Pretoria - The government, through its Public Service Co-ordinating Bargaining Council has sealed a 7.5% wage offer deal with the majority of public sectors unions, which includes the Cosatu-aligned SA Democratic Teachers’ Union (Sadtu).
Sadtu was the only Cosatu union which formed part of the swift wage negotiations since February this year while other affiliates such as Nehawu, Denosa and Popcru did not form part of the negotiations.
Nehawu even organised protest action, demanding that the government should open wage negotiations which collapsed in October last year, which prompted the government to unilaterally implement the 3% wage increase.
Announcing the 2023 deal, bargaining council general secretary Frikkie de Bruin yesterday said the government and the majority of Trade Unions in Council had agreed on a multi-term agreement for the financial years 2023/24 and 2024/2025.
This includes an average increase of 7.5% salary adjustment for public servants for the financial year 2023/24, and a capped projected CPI salary increase for the financial year 2024/25.
It also includes expediting the decisions on the implementation of the Government Employees Housing Scheme as agreed to during the Public Service Summit.
De Bruin said the majority of trade unions who signed the agreement were Hospersa, Naptosa, PSA and Sadtu, saying together these formed a 53.9% majority in favour of the agreement.
Nehawu, Popcru, Denosa and Sapu opted not to sign the agreement as per the mandate given by their members.
The parties at the bargaining council commenced the wage negotiations on February 17, 2023, and the signing of this agreement on Friday marked the conclusion of the wage negotiations.
He said the government, in an attempt to bring the salaries of public servants in line with the market, had agreed to a two-year multi-term agreement.
For the financial year 2023/24, the employer shall pay employees on salary levels 1-12 including those remunerated in terms of an Occupation Specific Dispensation in the Public Service an average increase of 7.5%.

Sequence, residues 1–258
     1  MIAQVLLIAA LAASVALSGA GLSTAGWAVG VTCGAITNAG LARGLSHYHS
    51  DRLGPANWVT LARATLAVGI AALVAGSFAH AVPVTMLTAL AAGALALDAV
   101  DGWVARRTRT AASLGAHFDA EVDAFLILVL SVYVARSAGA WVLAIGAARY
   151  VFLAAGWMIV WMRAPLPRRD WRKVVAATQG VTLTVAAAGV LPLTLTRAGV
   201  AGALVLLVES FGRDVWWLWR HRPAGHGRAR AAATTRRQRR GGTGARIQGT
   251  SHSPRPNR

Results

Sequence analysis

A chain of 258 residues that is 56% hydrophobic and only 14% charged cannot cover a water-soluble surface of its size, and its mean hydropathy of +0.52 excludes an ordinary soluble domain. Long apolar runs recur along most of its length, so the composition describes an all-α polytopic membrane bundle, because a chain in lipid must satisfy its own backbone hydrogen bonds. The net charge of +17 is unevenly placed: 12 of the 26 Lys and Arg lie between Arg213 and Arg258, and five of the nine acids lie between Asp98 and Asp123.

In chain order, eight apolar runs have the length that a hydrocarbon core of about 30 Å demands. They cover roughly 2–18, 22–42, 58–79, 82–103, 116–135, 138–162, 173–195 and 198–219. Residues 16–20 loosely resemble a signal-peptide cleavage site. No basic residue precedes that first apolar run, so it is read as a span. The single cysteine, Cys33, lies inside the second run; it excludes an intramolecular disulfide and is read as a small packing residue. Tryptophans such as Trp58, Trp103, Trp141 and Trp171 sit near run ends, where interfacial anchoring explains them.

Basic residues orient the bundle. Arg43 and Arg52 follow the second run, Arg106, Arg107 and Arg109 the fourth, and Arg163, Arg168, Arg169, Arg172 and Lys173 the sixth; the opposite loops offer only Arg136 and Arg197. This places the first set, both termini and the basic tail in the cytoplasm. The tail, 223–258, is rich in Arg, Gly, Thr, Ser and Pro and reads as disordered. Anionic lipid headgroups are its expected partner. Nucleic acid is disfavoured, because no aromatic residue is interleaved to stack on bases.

“For the financial year 2024/25, the employer shall pay employees on salary levels 1-12 including those remunerated in terms of an Occupation Specific Dispensation in the public service a pensionable salary increase of a capped projected CPI between 4.5% and 6.5%.
“This means that in the event that the projected CPI percentage for 2024/25 is less than 4.5%, the projected CPI for the relevant period will be deemed to be 4.5% and, in the event, the projected CPI for the relevant period is above 6.5%, the projected CPI will be deemed to be 6.5%,” he said.
De Bruin said that the parties also agreed that the employer shall process the payment of the pay progression to all qualifying employees in the public service in line with the applicable sectoral agreement.
On the housing scheme, parties agreed to expedite the decisions on the implementation as agreed to during the Public Service Summit and these are entrenched in Resolution 1 of 2022.
“The bargaining council applauds parties for their commitment to the wage negotiation process, which resulted in the signing of the agreement before the commencement of the new financial year.
“The signing of the multi-term agreement allows for some stability to focus on implementing various agreements, including the Public Sector Summit agreement,” De Bruin said.
The signing of the agreement came a few days after Sadtu spurned calls by Zwelinzima Vavi to boycott the signing.
In reaction, Sadtu national spokesperson Nomusa Cembi said: “Sadtu takes its line of march from members. We refuse to be bullied by all these forces we are not aligned to.”
Saftu meanwhile said it was disappointed by the public service unions that signed the wage offer by the government.
“Because these unions form a slight majority, the offer is now an agreement, binding to all parties in the bargaining council and enforceable,” national spokesperson Trevor Shaku said in a statement.
“The agreement is a multi-term agreement that will give the public service workers what is purported 7.5% wage increase in 2023/24 and an increase ranging between a minimum of 4.5% and 6.5% (depending on the CPI) in 2024/25.
“In our recent statement, we opined that the public service unions must reject the wage offer because it undermines the buying power of the wages of public service workers.”
Shaku said the wage offer was not a 7.5% wage increment as was presented, but a 3.3% real increase. “The 4.2% is merely a carry-over of the cash gratuity which has been paid to workers since 2021. The only difference now is that it is being converted from a non-pensionable cash-gratuity into a pensionable salary on the baseline.”